It is not surprising that the Chinese government is pressing ahead with the "three Gorges dams" in an effort to reduce the flood problems of central China, in spite of the publicity given to problems that will arise from the need to rehouse those whose villages and farms will be flooded by the new water storages. The Chinese government is of course balancing the (easier) problem of managing the welfare of the people under controlled conditions against those created by unpredictable flooding that are more difficult to manage.

The Taiping Wars were some of the most disastrous civil wars ever, with deaths certainly exceeding 30 million. The area of the lower Yangzi in which they occurred is among the most fertile, and heavily populated, in China (Thorpe, 1936; Ho, 1959). Ho Ping-ti attributes the large loss of life to the Taiping and other wars, the destruction of farmland, famines, epidemics, and the evils of opium.

Malthus collected his data from many parts of the world (Table 2.1) and many different sources. Patricia James (1989) — like Malthus, a Cambridge don — includes 104 pages devoted to "authorities quoted or cited by Malthus." These refer only to those that she felt required comment or amplification, beyond the reference details given in the text. Malthus argued that because population increases by geometrical progression, but food supply increases arithmetically, sooner or later population numbers must exceed food supply.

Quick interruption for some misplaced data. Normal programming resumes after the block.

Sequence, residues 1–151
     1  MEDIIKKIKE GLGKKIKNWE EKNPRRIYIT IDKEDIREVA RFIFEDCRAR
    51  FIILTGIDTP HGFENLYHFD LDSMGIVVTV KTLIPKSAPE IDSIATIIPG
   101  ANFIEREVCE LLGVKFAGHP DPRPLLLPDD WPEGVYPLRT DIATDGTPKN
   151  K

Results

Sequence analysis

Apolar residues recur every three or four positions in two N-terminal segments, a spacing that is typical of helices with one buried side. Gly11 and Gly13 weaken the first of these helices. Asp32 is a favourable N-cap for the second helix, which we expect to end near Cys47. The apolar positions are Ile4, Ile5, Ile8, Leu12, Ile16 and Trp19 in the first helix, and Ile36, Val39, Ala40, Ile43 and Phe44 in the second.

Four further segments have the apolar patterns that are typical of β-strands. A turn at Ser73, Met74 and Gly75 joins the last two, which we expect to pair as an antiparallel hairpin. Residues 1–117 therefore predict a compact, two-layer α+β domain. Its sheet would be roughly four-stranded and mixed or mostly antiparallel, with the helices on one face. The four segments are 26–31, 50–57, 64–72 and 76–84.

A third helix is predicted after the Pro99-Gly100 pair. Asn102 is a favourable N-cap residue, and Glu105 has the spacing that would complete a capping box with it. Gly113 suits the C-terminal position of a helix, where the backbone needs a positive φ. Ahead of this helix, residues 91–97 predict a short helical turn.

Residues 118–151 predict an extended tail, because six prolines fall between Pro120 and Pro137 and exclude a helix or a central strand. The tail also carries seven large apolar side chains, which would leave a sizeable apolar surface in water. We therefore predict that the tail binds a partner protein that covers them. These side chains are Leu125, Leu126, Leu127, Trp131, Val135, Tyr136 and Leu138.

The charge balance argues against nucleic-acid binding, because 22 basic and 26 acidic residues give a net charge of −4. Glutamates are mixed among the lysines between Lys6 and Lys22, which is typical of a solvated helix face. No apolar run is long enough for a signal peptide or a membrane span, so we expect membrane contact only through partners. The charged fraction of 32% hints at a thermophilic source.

Table 2.1 Summary of Malthus' Studies on Population

Country

Reference

Country

Reference

Table 2.1 Summary of Malthus' Studies on Population

American Indians

Chapter

4

Islands of the South Seas

Chapter

5

Ancient inhabitants of the north of Europe

Chapter

6

Modern Pastoral Nations

Chapter

7

Different parts of Africa

Chapter

8

Siberia, northern and southern

Chapter

9

Turkish Dominions and Persia

Chapter

10

Indoostan and Tibet

Chapter

11

China and Japan

Chapter

12

Greeks

Chapter

13

Romans

Chapter

14

In James (1989), vol. 1, book 2

Norway

Chapter

1

Sweden

Chapter

2

Russia

Chapter

3

Middle parts of Europe

Switzerland

France

England

Scotland and Ireland

Middle parts of Europe

Switzerland

France

England

Scotland and Ireland

Chapter 4 Chapter 5 Chapters 8 and 9 Chapters 10 and 11 Chapter 12

China appeared to provide strong arguments in favor of his hypothesis.

It now appears unfortunate that Malthus did not consult the scientists of his time as carefully as he read the literature before publication of the anonymous version of his essay in 1798. As James noted, he made many important changes in the later versions of his essay. These showed that he was becoming aware of the effects that population pressure has on technical and scientific innovation. There were certainly some scientists working in 1798 who could have provided a scientifically based opinion about the potential for new lands to increase food production, and balanced this against population growth, although it is very doubtful if anyone could have foreseen the extent to which food production has increased during the subsequent 200 years. Fortunately, as